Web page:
As we noticed last time we looked at The Stingiest Man in Town, Cratchit announces Scrooge’s nephew as a diversionary tactic to get the boss’ attention off himself. Since this happens before Fred can get to the door, some of the nephew’s boisterousness is lost, but Cratchit’s strategy supports an idea introduced in the previous scene that the clerk has a deceptive side. B.A.H. Humbug has already revealed that he and Cratchit have been smuggling coal behind Scrooge’s back for some time. This Cratchit is a wily character, but Matthau’s Scrooge is so dull and unpleasant that I don’t care.
Fred’s jolly enough. In fact, he’s literally skipping up the street as he approaches the counting house. Scrooge of course thinks he’s a fool, but Cratchit boldly states that he likes Fred. “His smile warms my heart.”
What bluster was lost by Cratchit’s announcing Fred is picked up again when the nephew (looking sort of like Bilbo Baggins from Rankin-Bass’ The Hobbit) bursts through the door, singing. Scrooge turns the number into a duet by disagreeing as often as possible. I’ll put Scrooge’s lines in parenthesis:
Merry Christmas, Uncle Scrooge!
Oh, be merry, Uncle Scrooge!
(Ha! Ha! Ha! Ha!)
(What’s so merry on Christmas Day?
The merry money you throw away?
The merry bills you have to pay?
When you say “Merry Christmas,” I say “Bah!”)
Here’s a present, Uncle Scrooge!
(Humbug! I think you are a fool to waste your cash.)
(What’s the present you always buy?
A handkerchief or an awful tie?
Look at this tie and you’ll know why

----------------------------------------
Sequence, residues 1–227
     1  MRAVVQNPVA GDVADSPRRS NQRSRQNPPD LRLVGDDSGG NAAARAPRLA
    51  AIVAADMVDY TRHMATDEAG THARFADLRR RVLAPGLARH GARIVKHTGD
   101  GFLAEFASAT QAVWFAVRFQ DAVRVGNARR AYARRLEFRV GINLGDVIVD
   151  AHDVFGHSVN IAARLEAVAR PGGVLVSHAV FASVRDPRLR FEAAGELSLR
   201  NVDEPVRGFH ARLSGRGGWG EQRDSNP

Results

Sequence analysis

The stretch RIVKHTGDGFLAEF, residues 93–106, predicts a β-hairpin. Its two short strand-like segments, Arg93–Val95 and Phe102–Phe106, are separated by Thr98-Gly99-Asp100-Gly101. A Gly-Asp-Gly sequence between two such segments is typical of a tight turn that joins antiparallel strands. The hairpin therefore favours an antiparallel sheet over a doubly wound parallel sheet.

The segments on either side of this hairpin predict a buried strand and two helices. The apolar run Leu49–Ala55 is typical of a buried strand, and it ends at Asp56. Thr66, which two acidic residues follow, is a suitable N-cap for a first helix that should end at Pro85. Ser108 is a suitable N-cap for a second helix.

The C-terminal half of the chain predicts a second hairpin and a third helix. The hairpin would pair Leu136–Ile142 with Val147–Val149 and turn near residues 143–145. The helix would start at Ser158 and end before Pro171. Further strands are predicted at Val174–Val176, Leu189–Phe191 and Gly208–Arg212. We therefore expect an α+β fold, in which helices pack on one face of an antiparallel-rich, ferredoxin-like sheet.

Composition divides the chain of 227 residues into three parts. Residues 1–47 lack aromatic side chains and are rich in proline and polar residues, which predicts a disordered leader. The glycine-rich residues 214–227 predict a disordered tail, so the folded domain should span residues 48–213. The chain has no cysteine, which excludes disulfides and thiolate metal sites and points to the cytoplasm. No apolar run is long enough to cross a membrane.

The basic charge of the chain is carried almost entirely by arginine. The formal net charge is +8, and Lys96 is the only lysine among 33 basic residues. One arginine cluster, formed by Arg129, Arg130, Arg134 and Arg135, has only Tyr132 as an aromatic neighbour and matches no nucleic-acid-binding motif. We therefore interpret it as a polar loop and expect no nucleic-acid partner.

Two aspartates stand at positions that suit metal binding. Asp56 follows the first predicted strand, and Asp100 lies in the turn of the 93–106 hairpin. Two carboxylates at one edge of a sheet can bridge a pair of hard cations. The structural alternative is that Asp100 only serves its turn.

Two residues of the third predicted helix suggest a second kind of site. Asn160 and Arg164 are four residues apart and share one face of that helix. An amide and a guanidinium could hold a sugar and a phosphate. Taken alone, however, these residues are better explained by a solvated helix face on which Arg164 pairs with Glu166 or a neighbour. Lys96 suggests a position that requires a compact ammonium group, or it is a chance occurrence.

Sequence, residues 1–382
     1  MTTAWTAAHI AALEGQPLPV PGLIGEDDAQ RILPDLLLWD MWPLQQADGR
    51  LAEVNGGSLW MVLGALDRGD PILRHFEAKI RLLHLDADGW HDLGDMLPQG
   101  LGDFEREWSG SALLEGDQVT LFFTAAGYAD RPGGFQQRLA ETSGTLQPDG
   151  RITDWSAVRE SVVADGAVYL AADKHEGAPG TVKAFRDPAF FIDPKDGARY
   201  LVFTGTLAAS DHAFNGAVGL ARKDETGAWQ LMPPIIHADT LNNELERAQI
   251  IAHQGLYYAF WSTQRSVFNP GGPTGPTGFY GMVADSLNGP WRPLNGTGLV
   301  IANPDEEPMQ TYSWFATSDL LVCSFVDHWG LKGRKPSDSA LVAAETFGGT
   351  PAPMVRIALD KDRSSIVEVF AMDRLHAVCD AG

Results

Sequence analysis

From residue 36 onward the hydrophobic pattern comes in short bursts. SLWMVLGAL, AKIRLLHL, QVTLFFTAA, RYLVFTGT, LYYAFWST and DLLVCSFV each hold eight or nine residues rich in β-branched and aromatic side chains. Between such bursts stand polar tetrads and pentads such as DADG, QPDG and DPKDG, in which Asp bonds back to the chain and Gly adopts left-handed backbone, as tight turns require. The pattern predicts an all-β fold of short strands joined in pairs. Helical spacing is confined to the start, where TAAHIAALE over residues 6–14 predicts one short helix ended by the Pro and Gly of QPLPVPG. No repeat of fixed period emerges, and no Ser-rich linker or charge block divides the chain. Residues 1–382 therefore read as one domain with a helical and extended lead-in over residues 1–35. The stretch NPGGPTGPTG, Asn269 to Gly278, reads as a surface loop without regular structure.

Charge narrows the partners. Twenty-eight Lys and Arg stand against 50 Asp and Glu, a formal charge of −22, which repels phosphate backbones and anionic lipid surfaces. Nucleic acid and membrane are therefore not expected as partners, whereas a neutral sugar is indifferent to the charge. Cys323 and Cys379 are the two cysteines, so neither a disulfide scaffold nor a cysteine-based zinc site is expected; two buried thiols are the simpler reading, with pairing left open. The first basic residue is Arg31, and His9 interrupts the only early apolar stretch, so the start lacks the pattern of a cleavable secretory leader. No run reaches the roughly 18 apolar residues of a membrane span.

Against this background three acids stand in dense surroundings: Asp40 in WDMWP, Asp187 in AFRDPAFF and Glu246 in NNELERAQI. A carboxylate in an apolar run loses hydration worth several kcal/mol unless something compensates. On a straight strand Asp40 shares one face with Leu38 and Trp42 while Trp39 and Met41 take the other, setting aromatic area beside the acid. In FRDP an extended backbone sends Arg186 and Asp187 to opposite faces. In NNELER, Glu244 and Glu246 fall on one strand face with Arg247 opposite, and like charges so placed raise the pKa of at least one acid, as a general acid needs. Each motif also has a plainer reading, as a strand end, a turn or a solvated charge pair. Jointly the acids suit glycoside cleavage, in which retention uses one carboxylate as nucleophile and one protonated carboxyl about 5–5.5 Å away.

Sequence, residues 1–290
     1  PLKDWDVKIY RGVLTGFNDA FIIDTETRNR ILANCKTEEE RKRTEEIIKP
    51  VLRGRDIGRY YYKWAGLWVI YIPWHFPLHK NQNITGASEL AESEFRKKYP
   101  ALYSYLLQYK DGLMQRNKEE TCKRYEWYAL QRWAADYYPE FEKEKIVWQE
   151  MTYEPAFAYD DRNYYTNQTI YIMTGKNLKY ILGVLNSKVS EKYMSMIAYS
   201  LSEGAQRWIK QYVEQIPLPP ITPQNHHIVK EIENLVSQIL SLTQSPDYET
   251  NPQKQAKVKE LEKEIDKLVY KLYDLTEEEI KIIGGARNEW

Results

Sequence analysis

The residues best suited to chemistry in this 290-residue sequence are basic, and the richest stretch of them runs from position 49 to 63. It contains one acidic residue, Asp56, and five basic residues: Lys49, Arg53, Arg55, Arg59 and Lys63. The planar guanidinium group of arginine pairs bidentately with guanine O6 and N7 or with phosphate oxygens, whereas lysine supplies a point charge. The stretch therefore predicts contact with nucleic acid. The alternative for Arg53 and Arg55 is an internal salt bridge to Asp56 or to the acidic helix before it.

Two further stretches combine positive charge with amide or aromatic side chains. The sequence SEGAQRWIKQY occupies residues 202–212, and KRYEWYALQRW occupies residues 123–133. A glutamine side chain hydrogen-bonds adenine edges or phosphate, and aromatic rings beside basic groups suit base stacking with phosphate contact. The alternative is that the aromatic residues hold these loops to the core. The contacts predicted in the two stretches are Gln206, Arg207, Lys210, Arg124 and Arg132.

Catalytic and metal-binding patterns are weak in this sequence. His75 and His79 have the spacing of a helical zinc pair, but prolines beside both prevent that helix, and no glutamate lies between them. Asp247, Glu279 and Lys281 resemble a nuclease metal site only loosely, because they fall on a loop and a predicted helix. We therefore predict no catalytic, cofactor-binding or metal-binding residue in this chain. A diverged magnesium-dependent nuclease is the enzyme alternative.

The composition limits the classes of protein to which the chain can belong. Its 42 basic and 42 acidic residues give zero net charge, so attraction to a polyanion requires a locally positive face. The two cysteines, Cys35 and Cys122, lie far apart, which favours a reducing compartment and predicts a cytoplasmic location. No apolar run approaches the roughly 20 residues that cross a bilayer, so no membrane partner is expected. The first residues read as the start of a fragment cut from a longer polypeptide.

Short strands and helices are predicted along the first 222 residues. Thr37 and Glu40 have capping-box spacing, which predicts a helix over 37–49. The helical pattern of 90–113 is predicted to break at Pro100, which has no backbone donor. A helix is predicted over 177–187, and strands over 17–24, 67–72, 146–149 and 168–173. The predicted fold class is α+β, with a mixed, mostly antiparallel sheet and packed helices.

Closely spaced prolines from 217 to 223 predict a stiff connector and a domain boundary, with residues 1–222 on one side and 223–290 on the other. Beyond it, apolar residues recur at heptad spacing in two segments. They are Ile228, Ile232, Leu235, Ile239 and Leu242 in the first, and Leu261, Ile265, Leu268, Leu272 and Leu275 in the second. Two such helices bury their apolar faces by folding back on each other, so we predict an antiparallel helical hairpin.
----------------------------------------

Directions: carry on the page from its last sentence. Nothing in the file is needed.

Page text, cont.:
When I get Christmas presents, I say, “Trash!”)
But everything at Christmas is so jolly
The Christmas trees and wreaths of holly…
The boys and girls who dream about St. Nicholas!
(Saint Nicholas? Ridiculous!)
Don’t you like him, Uncle Scrooge?
Good old Nicholas?
(That’s a lot of slush!)
(I abominate old Saint Nick.
His reckless spending makes me sick!
I think St. Nick’s a lunatic!
When you say, “Old Saint Nicholas,” I say, “Bosh!)
As they sing, Fred does indeed give Scrooge a tie that Scrooge tosses at Cratchit. The nephew also offers a poinsettia and Scrooge throws that to the ground, smashing it. The gift-giving is an interesting addition to Dickens’ story and I almost wish that some of the other versions tried it just to see how their Scrooges would’ve reacted. Matthau’s reaction sort of makes sense in light of Scrooge’s principles, but I could also believe a Scrooge who selfishly kept the gifts rather than refusing or destroying them.
I also like what the gift-giving does to Fred’s reason for coming to see Scrooge. This isn’t some half-hearted attempt made from habit (as in Richard Williams’ cartoon). It’s obviously an annual occurrence, but a sincere one. Even if his gifts do kind of suck.
The song takes a short break while Fred invites Scrooge to Christmas dinner. Scrooge refuses, but his reason is again all about the occasion, not about Fred himself. In this simplified version, his only beef with his nephew seems to be about the holiday, but it defines their relationship.
Oh, don’t you like a juicy Christmas turkey?
Plum pudding with a brandy sauce?
(Can’t digest it!)
You’ll get a mellow feeling for humanity.
You’ll enjoy it, Uncle Scrooge!
(Humbug! It may be fun for you, but not for me!)
(I’m not merry on Christmas Day.
I’m never happy; I’m never gay.
If you think I could feel that way,
Then you are just as stupid as can be.)
(If you think I’d be merry
And chirp like a canary,
Then you are even dumber than a dumb bug.
When you say, “Merry Christmas,” I say, “Nonsense! Fiddlesticks! Poppycock!”
And just plain, “Humbug! Humbug! Humbug! Humbug! Humbug!”)
Fred gives up after that, but tells Scrooge that he pities him. “Maybe I’ll never be as rich as you,” he says, “but I’ll go to my grave still believing in a Merry Christmas.”
That’s where Scrooge starts his “Good Afternoons” as Fred continues throwing laudatory adjectives in front of Christmas until Scrooge throws him out. All the best lines have been cut out of their conversation in favor of the song. Disappointing, but not surprising.